But the flip side is that this environment (a few big banks) has made it possible for a wide array of community and regional banks, internet banks, credit unions, and other financial institutions to be created and thrive.

Just like when that 200-year old tree in the forest finally falls over, there are lots of saplings that are ready to thrive in its place.

rojo's avatar

Institutional Investors own the majority of each of these banks and, in order of shares owned in each they are as follows:
J P Morgan Chase

Black Rock
Vanguard
State Street
Fidelity
Capital Reseach and Mgmt.

Citibank

Black Rock
Vanguard
State Street
Capital Reseach and Mgmt.
Fidelity

Bank of America

Black Rock
Vanguard
State Street
Fidelity
T.Rowe Price

Wells Fargo

Berkshire Hathaway
Grand-Jean Capital Mgmt.
Vanguard
Harding-Loevner
OTR

and, as an aside, at Wells Fargo – State Street, Fidelity and Capital come is at 6,7 & 8 respectively while Black Rock is the 12th

So I guess what this means is that the same folks own all four already.

And I guess this answers @LuckyGuy ‘s question as well.

CWOTUS's avatar

“What it means” is a partial story to support an apparent particular political viewpoint that “big banks are bad”. In other words, because of the data that it omits, it’s a kind of lie.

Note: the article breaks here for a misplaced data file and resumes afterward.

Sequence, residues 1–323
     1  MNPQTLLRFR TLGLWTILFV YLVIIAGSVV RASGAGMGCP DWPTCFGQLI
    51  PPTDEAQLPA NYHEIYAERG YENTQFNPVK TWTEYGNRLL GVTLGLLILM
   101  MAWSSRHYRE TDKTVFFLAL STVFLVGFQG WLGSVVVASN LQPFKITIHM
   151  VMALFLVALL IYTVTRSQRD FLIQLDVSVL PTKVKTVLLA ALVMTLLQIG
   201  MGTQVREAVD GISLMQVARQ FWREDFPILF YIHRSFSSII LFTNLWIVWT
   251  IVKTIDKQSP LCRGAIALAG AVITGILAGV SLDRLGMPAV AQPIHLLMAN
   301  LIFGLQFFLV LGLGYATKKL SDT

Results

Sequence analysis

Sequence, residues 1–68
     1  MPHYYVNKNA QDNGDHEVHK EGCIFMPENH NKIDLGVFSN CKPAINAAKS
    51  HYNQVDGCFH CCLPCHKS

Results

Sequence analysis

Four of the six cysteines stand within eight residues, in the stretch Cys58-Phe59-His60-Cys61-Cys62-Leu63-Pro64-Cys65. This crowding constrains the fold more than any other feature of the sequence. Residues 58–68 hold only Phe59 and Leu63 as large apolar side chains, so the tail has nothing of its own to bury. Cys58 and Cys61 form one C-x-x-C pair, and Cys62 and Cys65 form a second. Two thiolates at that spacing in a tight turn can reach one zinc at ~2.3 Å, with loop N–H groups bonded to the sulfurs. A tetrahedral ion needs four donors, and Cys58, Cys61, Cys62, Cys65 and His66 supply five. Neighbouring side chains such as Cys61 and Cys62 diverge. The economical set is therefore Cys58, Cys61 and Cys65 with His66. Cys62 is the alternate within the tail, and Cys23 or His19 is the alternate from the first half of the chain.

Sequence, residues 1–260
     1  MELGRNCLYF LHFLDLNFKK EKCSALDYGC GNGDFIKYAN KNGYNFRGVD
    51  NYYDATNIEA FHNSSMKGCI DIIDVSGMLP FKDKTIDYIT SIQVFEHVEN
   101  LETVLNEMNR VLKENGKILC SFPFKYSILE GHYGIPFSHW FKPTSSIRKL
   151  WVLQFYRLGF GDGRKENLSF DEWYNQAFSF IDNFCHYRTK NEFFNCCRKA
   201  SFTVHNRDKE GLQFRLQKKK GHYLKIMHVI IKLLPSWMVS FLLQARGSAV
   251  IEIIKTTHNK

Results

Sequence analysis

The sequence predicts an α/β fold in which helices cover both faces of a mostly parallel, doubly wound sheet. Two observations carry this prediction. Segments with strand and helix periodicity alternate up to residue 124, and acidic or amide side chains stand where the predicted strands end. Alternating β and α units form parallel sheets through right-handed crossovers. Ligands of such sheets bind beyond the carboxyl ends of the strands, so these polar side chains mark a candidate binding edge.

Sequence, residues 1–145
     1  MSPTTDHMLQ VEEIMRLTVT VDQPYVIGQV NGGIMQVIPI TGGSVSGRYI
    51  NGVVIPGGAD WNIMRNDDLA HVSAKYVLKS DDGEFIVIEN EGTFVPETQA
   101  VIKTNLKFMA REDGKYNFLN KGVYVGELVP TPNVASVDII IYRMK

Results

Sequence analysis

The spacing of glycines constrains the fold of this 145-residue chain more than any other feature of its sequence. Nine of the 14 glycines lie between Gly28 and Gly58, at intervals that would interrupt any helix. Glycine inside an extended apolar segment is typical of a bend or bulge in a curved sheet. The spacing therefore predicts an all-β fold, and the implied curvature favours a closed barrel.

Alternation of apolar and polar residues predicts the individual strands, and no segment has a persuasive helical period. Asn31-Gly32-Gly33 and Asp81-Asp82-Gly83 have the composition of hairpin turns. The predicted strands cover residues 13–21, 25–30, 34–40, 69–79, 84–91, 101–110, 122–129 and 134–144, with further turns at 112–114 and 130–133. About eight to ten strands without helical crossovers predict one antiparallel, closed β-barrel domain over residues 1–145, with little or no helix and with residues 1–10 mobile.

Yes, clearly, many formerly independent banks have been acquired by larger banks and have become, as noted “mega banks”. This kind of merger and acquisition activity happens all the time in nearly all industries. The omitted data? Independent banking in the USA is alive and well and flourishing quite nicely, thank you. But you wouldn’t know that from this chart. @LuckyGuy and @elbanditoroso have alluded to this.

Anyone can google “independent banks in the usa” and find the same links I did. The writer of this piece, had it wanted to (because I see no authorship listed, which is another type of omission that causes me to look askance at it) could have done a “compare and contrast” to illustrate the point. But the writer chose not to confuse people with the facts, only to make a scary Mega Bank chart. It would have been interesting to show “assets under management by US banks” on a column graph, and maybe the data are available publicly somewhere, but the writer omitted that, too.